Directed by: Dave Schram | 115 minutes | drama, family | Actors: Robin Martens, Roos Smit, Marius Gottlieb, Marloes van der Wel, Niels Oosthoek, Ilias Ojja, Pim Wessels, Beau Schneider, Nick Boer, Whoopie van Raam, Renée Soutendijk, Monic Hendrickx, Victor Löw, Hugo Haenen, Kees Boot, Kees Hulst, Aart Staartjes, Pieter van der Sman, Ali Cifteci, Truus te Selle, Trudy de Jong, Guus Dam, John Buisman, Rosalie van Breemen, Kurt Rogiers, Govert de Roos
The third film version of another successful book by Carry Slee paints a striking picture of modern adolescents in a modern, complex time. That may evoke strong associations, but the film is not. The drama surrounding the anorexia on the one hand and bereavement on the other is not shunned, but the whole remains fresh, worked out relatively lightly and it bites away nicely. Which may again evoke the association of superficial entertainment, but it is not.
The film adaptations of Slee’s books, so far ‘Afstay’ (2006) and ‘Timboektoe’ (2007) have been almost as successful as the books themselves. They can be filmed nicely, like the books by John Grisham: when you read them you can almost see the film in front of you, but yes, you still have to do it, film that. The director/producer duo and married couple Dave Schram and Maria Peters – or should we talk or a film family, daughter Tessa also works fully in the background and played the role of Fleur in ‘Keep off’ – love their work and it shows. you.
Enthusiasm radiates from the screen. The smooth narration is nicely designed. An inventive and funny find in the first sequence, in which the sale of an old-timer (car), the audition of a mannequin (Yara) and the inspection of a horse are significantly linked together, promises a lot of good. After this the level remains good, but the humorous and slightly sharp tone of the beginning is not continued and makes way for a fairly exciting, but also ‘normal’ story about early love, friendship, youthful insecurity and grief.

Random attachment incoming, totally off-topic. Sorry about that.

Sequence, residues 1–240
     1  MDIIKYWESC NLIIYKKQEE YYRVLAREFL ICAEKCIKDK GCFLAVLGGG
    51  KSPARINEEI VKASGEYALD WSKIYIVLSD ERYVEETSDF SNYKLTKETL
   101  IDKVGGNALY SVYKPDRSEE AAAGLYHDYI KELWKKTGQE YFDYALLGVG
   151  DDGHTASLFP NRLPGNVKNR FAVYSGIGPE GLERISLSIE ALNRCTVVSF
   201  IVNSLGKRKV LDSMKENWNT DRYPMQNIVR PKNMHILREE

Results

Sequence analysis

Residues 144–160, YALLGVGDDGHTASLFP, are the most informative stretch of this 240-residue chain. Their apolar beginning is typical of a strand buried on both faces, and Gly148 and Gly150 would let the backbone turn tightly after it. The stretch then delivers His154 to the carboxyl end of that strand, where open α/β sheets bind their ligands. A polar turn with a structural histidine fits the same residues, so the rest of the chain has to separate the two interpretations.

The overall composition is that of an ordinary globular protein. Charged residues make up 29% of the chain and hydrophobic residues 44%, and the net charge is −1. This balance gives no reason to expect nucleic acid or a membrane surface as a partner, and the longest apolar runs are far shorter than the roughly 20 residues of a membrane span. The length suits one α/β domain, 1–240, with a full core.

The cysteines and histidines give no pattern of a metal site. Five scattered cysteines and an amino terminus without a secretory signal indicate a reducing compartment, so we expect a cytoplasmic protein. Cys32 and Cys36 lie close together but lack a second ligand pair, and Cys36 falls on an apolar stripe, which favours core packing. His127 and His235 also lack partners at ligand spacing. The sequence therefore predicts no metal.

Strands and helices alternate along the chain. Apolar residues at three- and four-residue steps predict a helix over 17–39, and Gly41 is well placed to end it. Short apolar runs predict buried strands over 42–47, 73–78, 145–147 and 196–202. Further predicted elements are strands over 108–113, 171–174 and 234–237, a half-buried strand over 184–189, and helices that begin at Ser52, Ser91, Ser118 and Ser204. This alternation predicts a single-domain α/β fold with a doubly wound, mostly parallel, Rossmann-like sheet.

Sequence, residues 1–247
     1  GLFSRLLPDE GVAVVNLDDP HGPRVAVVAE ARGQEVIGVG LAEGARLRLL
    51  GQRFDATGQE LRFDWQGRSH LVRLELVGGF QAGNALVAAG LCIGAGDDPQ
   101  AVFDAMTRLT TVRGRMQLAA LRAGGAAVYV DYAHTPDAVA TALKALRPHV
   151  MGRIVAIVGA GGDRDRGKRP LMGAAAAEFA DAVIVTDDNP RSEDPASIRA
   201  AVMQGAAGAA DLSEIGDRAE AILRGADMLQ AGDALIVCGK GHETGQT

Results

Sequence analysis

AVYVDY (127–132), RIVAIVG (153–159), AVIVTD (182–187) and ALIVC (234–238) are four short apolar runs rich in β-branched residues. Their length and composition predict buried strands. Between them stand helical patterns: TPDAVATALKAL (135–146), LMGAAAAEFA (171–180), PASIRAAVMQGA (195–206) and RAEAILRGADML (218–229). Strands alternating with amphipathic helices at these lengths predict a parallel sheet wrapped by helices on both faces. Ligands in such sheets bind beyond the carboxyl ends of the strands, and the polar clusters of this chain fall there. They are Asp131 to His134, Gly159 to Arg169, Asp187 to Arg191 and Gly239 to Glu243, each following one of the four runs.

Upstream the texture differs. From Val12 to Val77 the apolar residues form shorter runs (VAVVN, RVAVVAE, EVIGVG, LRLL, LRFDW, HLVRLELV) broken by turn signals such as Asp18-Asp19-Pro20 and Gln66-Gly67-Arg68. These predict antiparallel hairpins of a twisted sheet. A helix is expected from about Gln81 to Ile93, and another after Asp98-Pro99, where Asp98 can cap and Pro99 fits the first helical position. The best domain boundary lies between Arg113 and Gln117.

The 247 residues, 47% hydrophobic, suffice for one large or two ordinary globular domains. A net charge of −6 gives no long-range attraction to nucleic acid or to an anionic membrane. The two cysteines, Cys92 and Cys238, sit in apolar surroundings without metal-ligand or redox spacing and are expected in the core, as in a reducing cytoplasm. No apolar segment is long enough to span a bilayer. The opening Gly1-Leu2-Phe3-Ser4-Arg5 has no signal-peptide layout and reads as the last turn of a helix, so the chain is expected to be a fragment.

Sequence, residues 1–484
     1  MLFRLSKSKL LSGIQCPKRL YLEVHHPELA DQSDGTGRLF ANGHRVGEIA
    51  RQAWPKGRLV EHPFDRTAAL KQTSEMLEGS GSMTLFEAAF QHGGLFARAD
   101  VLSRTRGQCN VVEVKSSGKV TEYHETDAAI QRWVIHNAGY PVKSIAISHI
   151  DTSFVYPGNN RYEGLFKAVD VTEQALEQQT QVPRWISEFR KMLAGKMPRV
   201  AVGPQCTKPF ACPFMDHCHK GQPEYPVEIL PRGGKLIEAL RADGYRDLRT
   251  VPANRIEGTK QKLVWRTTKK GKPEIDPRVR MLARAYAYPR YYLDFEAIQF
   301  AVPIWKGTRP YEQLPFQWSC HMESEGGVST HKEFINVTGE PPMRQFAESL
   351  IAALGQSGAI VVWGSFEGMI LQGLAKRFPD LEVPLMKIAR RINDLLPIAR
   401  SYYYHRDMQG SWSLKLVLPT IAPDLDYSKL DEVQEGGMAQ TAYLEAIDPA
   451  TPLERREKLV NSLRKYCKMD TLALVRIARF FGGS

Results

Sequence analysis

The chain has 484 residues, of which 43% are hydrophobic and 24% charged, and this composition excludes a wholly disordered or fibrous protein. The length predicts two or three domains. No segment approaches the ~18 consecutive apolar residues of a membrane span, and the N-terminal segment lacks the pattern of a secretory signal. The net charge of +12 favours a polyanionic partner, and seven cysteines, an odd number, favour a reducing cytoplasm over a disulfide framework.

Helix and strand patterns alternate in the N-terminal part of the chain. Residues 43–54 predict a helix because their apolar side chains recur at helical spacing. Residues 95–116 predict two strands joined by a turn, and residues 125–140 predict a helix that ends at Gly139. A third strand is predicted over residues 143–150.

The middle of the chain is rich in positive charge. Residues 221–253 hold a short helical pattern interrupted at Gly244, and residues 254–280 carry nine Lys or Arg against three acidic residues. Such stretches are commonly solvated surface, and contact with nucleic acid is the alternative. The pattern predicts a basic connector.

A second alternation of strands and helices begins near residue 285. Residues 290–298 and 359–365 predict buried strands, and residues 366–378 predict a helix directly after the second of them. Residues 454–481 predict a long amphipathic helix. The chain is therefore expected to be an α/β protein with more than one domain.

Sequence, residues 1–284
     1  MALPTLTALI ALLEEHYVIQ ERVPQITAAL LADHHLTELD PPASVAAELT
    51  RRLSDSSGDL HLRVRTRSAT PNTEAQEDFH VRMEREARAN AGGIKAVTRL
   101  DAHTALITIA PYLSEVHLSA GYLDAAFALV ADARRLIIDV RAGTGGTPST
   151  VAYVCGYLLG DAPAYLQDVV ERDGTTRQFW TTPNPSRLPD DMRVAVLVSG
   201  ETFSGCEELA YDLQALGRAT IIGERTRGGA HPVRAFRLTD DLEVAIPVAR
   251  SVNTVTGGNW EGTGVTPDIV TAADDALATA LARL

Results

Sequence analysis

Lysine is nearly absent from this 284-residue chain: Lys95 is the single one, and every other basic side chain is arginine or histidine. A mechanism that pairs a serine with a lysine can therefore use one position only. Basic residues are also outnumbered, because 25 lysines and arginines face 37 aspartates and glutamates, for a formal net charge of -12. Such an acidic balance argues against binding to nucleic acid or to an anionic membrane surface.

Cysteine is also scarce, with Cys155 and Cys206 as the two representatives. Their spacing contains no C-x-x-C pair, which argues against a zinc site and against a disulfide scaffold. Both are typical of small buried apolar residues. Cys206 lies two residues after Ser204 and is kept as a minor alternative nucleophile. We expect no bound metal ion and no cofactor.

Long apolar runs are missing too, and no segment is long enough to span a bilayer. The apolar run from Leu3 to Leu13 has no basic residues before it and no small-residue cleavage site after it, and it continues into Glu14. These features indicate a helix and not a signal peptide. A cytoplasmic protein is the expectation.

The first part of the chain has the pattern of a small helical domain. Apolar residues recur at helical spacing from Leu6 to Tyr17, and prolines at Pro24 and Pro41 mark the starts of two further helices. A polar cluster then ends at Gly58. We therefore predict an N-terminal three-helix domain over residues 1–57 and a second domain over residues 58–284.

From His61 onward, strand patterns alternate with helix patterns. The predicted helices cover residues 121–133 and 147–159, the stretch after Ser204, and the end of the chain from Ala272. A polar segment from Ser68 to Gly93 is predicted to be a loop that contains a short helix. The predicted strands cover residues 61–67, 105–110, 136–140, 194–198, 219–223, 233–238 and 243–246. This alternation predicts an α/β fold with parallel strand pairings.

What a nice cast they have found for that. Our male protagonist Paco (Marius Gottlieb from the well-known TV series “Spangas”) carries the film and is convincingly assisted by charming newcomer Marloes van der Wel. Old hands in the field like Victor Löw, Renée Soutendijk, Monique Hendrickx and Kees Hulst let them fall into a spread bed. The other supporting roles are also nice, although bad girl Floor (Robin Martens) could have been a bit more believable, but that is actually mainly due to the script, in which certain twists seem to serve the really young audience a bit too much and create unnecessary holes in the script , like all situations around the VJ match.
Screenwriter Maria Peters could have stayed on that a little longer, at least to keep the slightly older target group satisfied. And while we’re on the subject, the basic storyline doesn’t seem to have been followed completely: in the film, Paco is almost more the main character than Yara, and Yara’s will to lose weight is much more linked to her (mother’s) desire to become a fashion model. then to the battle for Paco’s love, because Yara is very controlled.
The soundtrack is nice and the main song ‘Life is a Festival’ by DJ Don Diablo is pleasant to the ear, although a little more real Dutch music wouldn’t have hurt. In a production that is home-grown in all aspects, that could have been a little clearer with the music.
In any case, ‘Distressed’ is another great film from the magic hat of Peters & Schram, with serious themes but still light and entertaining. With Carry Slee’s book as a guideline, it can’t really go wrong, but it is the enthusiastic direction and production that give this film its fresh look. And of course the excellent performance of yet another new generation of young film talent. On to the next book.